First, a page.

09 October 2011

Take Two and Call Me in the Morning

Last week, I started using my first tablet device (computer?). It's for work, as with the infusion of these items into classrooms, it's difficult to provide any support or advice without knowing what they are able to do. I'm not an Apple fan. I don't have an iTunes account. I don't use their hardware. So, I'm sporting an Asus Transformer, which has a Droid (Google) OS.

I am looking to interact with this tablet from a couple of perspectives. One is simply from an educator level. If I were a teacher, for example, how might I use this for my own productivity? So, I'm hunting for apps for managing lessons and projects, record-keeping, content, and interactivity with other people and devices. But along the way, I have to learn how to personally deal with this...thing. Do I like to try and touchtype...or is the "hunt and peck" method better? I do have access to an external keyboard/docking station, and a stylus. When are these the best options for input or use? And then there is app management---what items to place where, as well as basic set up. How do I decide if an app is "good"? What role might these play in my work with students?

The other viewpoint I'm trying to take is at a student level. Sure, there's an advantage of having a tablet deliver classroom content over a backpack full of books, but that's only a small part of learning. You also need to able to manipulate information (e.g. take notes on what you read, organize information for papers/presentations) and share it (e.g. upload to wikis or other learning spaces). At this point, I don't really care about the content-related apps. I know they're there, but right now, I want to focus on the output. Can I edit a wiki and add hyperlinks? Can I edit a video clip or create a music track? Draw something and then share it on Flickr or Tumblr or Moodle?

The answer to all of these so far is "Sorta." This echoes what I've seen and heard from people with iPads. The Apple market is much farther along in terms of app development, but considering the Droid platform far outstrips iOS in the phone market, it won't be long until open source apps catch up (and go further). There are beautiful apps for getting information into your head...but the ones for harnessing the real power of the web just aren't quite there yet. At this point, I really hope that schools are proceeding with caution about getting tablets into the hands of students. If your primary reason is to provide access to digital content, you have spent a ton of money on nothing that will actually change instruction. Is that really what the goal should be?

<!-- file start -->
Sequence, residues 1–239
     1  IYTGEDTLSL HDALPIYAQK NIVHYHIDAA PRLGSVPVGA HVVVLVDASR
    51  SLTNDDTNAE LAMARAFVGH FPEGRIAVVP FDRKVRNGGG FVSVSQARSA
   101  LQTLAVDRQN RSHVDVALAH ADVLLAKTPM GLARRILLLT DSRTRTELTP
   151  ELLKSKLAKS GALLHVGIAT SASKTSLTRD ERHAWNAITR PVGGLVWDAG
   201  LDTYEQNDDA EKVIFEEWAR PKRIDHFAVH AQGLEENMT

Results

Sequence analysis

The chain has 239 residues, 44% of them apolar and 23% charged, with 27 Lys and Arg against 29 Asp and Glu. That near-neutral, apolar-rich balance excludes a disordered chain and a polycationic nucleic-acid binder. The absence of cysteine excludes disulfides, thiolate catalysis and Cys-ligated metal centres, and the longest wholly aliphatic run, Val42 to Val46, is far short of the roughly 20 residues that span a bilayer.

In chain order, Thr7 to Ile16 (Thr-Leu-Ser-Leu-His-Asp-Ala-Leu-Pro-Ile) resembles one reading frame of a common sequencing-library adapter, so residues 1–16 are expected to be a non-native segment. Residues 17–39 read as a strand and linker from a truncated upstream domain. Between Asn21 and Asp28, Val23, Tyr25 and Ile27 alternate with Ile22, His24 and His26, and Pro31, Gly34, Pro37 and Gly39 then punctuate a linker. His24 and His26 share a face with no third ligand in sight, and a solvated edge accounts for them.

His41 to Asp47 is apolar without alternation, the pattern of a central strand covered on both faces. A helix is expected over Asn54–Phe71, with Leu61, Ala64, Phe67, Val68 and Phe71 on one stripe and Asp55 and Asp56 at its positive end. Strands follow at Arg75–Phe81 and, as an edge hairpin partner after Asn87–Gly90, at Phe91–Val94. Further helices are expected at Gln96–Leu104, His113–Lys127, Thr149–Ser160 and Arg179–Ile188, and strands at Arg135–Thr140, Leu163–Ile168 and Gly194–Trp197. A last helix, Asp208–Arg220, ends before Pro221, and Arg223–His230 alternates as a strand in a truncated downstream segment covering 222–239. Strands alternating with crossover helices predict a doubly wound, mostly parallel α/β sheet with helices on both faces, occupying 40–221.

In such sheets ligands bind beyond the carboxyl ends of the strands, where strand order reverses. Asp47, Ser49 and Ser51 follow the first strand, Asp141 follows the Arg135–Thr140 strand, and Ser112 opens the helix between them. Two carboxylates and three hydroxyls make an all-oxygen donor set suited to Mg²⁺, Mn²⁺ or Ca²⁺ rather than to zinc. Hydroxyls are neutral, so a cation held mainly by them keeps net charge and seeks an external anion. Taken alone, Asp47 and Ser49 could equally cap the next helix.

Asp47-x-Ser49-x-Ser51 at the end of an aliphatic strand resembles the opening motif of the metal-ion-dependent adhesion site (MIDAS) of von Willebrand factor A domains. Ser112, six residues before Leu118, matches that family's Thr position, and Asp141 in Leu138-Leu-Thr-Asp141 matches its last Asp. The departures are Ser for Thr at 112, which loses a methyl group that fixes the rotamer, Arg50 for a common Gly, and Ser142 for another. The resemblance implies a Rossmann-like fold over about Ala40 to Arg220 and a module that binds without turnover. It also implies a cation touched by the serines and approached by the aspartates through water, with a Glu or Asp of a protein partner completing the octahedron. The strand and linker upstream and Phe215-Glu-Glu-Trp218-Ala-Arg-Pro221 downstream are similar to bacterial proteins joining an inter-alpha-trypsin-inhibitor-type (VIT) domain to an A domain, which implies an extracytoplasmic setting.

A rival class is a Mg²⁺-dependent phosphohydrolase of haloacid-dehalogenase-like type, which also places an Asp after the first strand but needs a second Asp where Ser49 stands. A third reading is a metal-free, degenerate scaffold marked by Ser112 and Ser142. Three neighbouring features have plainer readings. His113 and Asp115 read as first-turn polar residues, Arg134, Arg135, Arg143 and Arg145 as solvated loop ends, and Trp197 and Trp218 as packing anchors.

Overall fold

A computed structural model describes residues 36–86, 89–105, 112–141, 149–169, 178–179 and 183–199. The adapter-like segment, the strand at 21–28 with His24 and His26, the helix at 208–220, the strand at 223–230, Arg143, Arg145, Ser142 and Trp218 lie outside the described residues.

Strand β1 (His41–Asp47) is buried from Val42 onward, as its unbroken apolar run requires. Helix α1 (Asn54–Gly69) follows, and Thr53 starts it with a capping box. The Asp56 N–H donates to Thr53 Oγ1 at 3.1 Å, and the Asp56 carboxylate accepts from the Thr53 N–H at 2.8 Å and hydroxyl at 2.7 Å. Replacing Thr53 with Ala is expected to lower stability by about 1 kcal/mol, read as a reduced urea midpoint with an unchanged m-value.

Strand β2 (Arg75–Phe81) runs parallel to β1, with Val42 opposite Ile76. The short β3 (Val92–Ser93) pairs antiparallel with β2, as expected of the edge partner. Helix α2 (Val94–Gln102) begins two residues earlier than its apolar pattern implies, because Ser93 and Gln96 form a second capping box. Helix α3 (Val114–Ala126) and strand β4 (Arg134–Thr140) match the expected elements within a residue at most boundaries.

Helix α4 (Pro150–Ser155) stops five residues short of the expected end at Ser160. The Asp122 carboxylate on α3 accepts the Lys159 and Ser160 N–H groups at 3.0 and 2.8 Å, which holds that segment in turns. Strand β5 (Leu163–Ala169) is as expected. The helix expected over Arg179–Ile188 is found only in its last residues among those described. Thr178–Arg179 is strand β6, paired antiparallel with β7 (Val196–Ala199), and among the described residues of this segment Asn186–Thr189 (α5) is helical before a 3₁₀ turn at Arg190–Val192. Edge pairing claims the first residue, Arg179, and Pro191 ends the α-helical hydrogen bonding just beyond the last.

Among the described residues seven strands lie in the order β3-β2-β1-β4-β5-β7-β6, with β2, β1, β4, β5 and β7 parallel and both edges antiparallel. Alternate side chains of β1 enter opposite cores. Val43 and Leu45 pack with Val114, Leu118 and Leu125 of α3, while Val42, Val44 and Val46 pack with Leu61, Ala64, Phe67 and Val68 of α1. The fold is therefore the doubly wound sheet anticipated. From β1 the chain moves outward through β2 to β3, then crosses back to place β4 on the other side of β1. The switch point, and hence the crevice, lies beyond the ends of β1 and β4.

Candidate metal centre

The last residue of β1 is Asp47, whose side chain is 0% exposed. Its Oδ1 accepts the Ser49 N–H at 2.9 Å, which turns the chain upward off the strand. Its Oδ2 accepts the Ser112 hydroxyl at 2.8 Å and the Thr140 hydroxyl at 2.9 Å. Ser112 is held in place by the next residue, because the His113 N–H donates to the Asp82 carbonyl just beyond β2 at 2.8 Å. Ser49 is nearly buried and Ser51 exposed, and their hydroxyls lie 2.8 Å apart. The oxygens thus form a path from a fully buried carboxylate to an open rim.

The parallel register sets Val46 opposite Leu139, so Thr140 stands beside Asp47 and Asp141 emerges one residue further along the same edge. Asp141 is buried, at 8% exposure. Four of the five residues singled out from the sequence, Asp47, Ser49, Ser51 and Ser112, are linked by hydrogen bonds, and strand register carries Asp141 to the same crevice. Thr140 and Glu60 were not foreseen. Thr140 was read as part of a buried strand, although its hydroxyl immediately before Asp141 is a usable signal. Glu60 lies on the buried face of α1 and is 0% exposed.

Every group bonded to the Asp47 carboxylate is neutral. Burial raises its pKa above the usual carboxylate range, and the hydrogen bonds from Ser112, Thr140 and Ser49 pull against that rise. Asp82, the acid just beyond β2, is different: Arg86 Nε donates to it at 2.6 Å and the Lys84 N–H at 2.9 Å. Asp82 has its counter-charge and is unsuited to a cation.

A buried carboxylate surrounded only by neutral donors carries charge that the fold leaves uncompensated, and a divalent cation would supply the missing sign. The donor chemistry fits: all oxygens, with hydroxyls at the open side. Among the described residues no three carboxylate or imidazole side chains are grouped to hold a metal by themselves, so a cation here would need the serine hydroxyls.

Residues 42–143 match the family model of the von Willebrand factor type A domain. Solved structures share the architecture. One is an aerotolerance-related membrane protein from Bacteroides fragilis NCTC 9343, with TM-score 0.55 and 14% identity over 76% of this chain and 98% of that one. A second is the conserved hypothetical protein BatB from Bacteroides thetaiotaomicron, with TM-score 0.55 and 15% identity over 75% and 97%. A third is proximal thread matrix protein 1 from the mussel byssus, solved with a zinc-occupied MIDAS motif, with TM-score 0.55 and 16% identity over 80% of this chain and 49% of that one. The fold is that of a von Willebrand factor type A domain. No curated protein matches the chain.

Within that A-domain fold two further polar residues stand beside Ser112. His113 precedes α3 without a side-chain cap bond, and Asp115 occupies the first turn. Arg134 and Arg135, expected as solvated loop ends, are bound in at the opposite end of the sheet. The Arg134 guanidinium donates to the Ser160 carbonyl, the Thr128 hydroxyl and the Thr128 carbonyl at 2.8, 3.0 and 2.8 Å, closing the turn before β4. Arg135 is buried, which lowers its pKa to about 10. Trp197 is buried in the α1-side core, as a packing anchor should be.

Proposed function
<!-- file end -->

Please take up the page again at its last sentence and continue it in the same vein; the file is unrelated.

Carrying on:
I have a netbook. The battery life has never been great...and the processor struggles with large files. It runs on Windows XP, a soon-to-be no longer supported system. However, it is smaller and lighter than a tablet...runs regular software (not apps)...and has a small, but very functional, keyboard and touchpad. I have loved this little machine a lot. But, it's 2.5 years old and is starting to show its age. I'm going to have to replace it at some point and it will be interesting to see if I make the choice to go tablet. I like the idea of a handheld...but I don't like the idea of not being able to easily access, edit, and use the files that I need most. I understand that different tools can have different purposes, but how many things am I supposed to carry---a phone...a tablet...and a netbook/laptop? I will be watching the tablet evolution very closely. I am hoping that the devices become lighter and the apps more powerful.

Are you using a tablet, either for personal or professional reasons? What's been your experience? What would you recommend?


Tatnall Physics said...

If you're looking for a computer, I'd go with the Lenovo x220. Since you mentioned productivity, you really want a computer, not an iPad-style tablet. I'm really angry at them for coopting the term; actual tablet computers have been around for a while - I've had 3 - and all do so much more than these media toys.

The Science Goddess said...

I really do like that style of computer (the tablet type). I haven't used one myself, but have seen them in action in various classrooms and presentations. A lot of flexibility with those tools.

Anonymous said...

I second Tatnall's comment. I used a tablet computer for the latter part of last year and really liked it. I can't say that I was particularly innovative with it, but it allowed me to document my board work, which I was previously unable to do. This year I use my smartboard to do that.

I don't think I would/could make do with just a tablet device instead of a computer for what I do. At least not in their current form.